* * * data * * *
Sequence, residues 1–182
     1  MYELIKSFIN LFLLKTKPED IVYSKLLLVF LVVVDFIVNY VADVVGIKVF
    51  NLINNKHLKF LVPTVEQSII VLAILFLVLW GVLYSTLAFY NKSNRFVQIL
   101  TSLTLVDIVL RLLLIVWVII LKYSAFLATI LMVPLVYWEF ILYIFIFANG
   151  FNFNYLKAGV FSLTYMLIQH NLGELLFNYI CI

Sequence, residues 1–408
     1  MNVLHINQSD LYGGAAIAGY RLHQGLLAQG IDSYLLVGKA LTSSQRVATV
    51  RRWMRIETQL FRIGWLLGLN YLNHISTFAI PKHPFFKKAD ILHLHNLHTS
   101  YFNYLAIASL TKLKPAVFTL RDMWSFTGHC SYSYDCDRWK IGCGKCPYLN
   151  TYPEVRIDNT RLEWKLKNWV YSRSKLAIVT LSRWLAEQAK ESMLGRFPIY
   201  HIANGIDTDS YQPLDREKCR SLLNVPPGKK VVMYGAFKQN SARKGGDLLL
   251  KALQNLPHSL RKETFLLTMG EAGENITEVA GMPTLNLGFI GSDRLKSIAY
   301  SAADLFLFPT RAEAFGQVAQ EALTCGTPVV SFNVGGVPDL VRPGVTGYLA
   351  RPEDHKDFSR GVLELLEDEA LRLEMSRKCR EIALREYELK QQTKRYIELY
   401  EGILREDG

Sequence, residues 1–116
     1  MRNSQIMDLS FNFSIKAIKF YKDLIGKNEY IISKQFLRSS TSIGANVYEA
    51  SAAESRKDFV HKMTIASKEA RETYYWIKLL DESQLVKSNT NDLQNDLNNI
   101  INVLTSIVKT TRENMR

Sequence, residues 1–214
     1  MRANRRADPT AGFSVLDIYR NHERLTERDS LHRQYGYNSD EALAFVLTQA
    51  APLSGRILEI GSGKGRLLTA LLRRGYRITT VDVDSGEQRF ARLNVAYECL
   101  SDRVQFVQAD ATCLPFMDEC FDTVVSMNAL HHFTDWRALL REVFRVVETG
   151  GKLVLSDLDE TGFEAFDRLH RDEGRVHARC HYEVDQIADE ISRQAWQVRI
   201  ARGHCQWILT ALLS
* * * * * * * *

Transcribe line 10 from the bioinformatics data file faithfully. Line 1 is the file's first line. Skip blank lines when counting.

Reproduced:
   151  TYPEVRIDNT RLEWKLKNWV YSRSKLAIVT LSRWLAEQAK ESMLGRFPIY